Rising F7 is a $21,000 electric sedan with swappable battery
A large, 5-meter long electric sedan with a 536hp AWD powertrain and 666km of CLTC certified range for less than $21,200? How on Earth is that even possible? Surely, there must be a catch and the car must be a bare-bones shell with just seats and old-school manual windows - is it?
Let’s start with the brand because that’s where part of the secret is. Rising Auto belongs to state-owned SAIC along with other brands such as MG, Roewe, and Maxus. Last September SAIC formed a joint venture with CATL, Shanghai Automobile City, and China National Petroleum Corp to create a national network of battery swap stations to rival Nio.
The Rising F7 is the second electric car from Rising Auto and is rather large - at 5 meters it is positioned to compete with the 5.1 meter-long Nio ET7. Just like Nio, F7 comes with a battery that can be swapped in a matter of minutes at Rising Power branded stations across China.
The car comes with a choice of three batteries and two powertrains. The batteries have either 64kWh, 77kWh, or 90kWh capacity with CLTC-certified ranges of 500km, 576km, and 666km respectively.
Customers can choose between a single-motor RWD version with 250 kW (335 hp) and 400 Nm of torque or a dual-motor AWD F7 with 400 kW (536 hp) and 700 Nm of torque. Both cars are quick with 0 to 100 km/h respective times of 5.7 seconds and 3.7 seconds.
On the inside, we have a dashboard-spanning 43-inch screen that rivals the one from Mercedes-Benz EQE and EQS. The vehicle is operated by Rising OS, an in-house developed operating system that runs on Snapdragon 8155. There are only two physical buttons in the car - two scroll wheels on the steering wheel and everything else is operated by touch or by voice.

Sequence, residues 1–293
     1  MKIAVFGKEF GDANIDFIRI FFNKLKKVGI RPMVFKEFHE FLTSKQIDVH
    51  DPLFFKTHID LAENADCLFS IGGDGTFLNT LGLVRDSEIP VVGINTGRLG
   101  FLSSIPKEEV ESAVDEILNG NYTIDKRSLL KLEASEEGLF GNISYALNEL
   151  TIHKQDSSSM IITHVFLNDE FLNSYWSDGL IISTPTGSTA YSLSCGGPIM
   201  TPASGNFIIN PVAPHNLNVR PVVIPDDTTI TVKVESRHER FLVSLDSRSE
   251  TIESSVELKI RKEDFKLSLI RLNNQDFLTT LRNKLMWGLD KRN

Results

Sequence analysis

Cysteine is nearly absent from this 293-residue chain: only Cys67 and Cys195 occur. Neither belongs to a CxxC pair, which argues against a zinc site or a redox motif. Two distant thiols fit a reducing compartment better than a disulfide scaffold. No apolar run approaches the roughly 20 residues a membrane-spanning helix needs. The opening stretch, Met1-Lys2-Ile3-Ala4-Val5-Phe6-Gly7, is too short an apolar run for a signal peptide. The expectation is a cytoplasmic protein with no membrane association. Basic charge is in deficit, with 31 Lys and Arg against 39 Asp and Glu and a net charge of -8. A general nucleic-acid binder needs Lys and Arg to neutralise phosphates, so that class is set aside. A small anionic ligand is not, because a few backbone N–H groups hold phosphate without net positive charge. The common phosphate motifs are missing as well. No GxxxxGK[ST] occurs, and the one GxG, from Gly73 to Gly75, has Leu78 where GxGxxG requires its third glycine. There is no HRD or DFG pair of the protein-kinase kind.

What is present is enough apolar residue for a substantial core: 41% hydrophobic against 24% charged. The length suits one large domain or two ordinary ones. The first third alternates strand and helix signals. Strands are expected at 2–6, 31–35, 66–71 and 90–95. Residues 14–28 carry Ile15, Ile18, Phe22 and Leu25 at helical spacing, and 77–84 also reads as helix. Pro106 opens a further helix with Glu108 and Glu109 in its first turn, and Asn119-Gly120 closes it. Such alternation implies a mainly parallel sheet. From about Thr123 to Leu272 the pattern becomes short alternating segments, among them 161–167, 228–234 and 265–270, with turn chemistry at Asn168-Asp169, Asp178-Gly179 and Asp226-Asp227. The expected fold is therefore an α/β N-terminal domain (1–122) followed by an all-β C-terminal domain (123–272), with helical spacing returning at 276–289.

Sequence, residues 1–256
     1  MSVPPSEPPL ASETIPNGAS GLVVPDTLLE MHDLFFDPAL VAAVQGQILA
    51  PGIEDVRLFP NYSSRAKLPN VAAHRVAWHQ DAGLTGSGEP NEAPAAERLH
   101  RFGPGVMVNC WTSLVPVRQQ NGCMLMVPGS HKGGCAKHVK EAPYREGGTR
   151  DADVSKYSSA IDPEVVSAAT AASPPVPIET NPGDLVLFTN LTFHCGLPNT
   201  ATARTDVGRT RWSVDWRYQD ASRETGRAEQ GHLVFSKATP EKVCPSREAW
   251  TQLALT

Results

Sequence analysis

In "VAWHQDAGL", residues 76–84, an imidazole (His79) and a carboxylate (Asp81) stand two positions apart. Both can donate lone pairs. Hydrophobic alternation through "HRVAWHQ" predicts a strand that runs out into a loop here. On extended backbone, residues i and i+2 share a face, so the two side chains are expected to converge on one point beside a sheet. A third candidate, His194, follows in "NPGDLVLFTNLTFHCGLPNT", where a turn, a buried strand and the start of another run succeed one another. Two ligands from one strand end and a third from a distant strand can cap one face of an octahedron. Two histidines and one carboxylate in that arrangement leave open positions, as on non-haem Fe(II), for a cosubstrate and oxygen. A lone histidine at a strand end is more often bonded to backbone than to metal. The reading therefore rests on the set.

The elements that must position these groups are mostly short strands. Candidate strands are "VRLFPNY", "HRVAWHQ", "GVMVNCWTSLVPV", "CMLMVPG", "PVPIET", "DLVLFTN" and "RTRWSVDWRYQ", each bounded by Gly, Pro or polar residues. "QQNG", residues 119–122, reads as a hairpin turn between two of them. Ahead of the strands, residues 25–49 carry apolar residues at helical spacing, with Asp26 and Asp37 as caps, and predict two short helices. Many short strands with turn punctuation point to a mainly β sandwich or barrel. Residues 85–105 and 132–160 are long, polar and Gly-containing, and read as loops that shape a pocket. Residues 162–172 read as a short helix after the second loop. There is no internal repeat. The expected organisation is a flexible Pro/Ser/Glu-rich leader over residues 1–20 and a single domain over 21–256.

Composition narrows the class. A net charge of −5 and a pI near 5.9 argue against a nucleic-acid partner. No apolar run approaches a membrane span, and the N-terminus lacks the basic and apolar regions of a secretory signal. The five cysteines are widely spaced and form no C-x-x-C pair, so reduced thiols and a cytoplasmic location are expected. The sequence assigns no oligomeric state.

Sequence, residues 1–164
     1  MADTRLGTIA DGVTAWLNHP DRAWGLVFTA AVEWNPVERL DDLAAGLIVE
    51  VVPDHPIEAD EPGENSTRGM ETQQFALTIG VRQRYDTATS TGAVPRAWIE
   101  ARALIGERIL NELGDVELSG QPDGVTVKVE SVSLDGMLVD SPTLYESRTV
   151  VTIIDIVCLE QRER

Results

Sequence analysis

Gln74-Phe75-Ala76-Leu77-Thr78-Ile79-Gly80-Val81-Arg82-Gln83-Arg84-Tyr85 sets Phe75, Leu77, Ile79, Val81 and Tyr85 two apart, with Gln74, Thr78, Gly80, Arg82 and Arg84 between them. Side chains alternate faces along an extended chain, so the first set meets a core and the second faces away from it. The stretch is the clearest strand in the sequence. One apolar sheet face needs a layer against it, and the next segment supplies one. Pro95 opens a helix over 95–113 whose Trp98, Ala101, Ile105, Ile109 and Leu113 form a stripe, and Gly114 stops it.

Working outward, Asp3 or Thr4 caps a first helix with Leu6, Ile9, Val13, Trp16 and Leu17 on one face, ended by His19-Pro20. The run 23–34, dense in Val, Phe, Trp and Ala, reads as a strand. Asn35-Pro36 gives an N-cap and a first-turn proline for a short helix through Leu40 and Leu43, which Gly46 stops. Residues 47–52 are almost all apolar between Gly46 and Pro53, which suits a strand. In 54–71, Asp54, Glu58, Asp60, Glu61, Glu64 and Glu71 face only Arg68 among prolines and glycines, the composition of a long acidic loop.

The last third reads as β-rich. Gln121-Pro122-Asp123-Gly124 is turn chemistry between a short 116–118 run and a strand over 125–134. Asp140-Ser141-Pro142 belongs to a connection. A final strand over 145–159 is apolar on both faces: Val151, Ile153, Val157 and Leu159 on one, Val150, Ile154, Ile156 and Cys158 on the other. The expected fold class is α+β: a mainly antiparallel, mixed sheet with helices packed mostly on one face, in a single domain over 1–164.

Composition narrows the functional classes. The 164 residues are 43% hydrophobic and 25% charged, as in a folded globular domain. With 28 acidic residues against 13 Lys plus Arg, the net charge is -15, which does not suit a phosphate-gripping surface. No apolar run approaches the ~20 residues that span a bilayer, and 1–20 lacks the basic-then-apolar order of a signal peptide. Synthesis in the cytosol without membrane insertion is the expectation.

The cheapest way to get behind the wheel of Rising F7 is by buying one without the battery. Going for the battery rent option brings the car’s price down to $21, 200. Buying the car with the smallest battery included means parting with at least $30,490 and the most expensive AWD version with the biggest battery goes for $43,800 at current exchange rates.
There is no electric car out there that offers similar performance and equipment levels for this kind of money. What else can you buy for $21,000? Two decent electric bicycles? There has to be a catch, SAIC had to cut some corners somewhere, right?
Yes and no. To start off, the battery swapping option may be cheap and monthly rentals are affordable but at the moment Rising Power has only 3 swap stations in China. While the battery swap itself takes apparently only 2.5 minutes, it’ll be a while before there is a swap station within easy reach of every driver. For comparison, Nio already operates over 1,300 stations and adds more every day.
As for the corner cutting, the answer is no. SAIC is a state-owned company, one of the Big 4 automakers in China, with combined sales of over 5 million vehicles per year, the company does not need external funding and has enough money to subsidize new brands. Rising Auto may not be making any profits any time soon but in a few years it will have enough battery swap stations to compete with Nio and at these prices, its cars will be flying off the showroom floor.
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